Dusting

 

If there’s one chore I hate, it’s dusting. It seems like no matter how hard you go at it, the dust just continues to pile up. Once Spring time hits and all the windows are open, the problem just gets that much worse. Fortunately, there are some ways to make dusting a lot easier.

Stop the problem before it gets out of control

The longer you wait between dusting, the harder the job is going to be. I’ve had to learn that the hard way, so now I do everything I can to stop the dust from piling up in the first place. Sweep all your hardwood or tile floors a few times a week to keep the loose dust from clumping together in hard to reach places, and shake out any rugs a few times a month. If you have carpets, vacuum at least twice per week to nip those dust bunnies before they have a chance to spread.

Work from high to low

The general rule with housekeeping is that you start high and work your way down to the floor. Dusting is no different; dust off shelves, ceiling fans, and door frames first, then dust the tables and counters. Finally, give the floor a good sweep to nab any particles that fell to the floor.

Dust with a paint brush

For surfaces that aren’t flat – blinds, picture frames, books, lampshades, chairs – use a clean paintbrush. The harder bristles reach into those tiny nooks and crannies that your regular duster normally can’t reach.

Use a microfibre duster

Feather dusters may seem classy, but they’re outdated for a reason. Feather’s don’t pull up the dust, and instead just brush it around to another place. Modern dusters are made of microfibre which picks up the dust. For your windows and wood surfaces, use a cotton cloth as your dusting rag. They don’t streak the wood or leave behind residue like polyester cloths.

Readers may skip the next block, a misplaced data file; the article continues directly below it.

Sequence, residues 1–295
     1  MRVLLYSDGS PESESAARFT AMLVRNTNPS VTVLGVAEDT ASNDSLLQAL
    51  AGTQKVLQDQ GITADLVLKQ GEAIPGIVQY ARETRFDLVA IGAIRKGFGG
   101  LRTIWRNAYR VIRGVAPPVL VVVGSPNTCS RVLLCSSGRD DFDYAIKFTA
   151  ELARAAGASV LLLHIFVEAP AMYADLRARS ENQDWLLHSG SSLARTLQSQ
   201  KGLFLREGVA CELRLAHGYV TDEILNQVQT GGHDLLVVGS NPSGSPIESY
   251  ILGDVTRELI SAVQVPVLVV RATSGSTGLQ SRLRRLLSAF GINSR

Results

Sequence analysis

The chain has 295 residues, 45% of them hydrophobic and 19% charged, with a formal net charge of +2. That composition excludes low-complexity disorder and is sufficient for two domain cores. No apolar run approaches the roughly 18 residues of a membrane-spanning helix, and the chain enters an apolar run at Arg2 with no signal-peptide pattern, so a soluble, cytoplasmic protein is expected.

Close off the entry points

Even if you don’t close all your doors and windows, you can at least pay special attention to cleaning these entry points.

Tumble Dry

If your bed linen is really dusty no matter how much you clean, use the dryer. Dust can easily build up on bed clothes, pillows, and stuffed animals and be nearly impossible to clear away. Toss them into the dryer on low heat for about 15 minutes. The dust should fall away into the lint trap and leave everything else clean and warm.

Take your shoes off

Finally, make everyone take their shoes off when they come into the house. The majority of the dust in your house doesn’t get blown in by the wind, you bring it in!

Have you got any dusting secrets? Something to lighten the workload perhaps?

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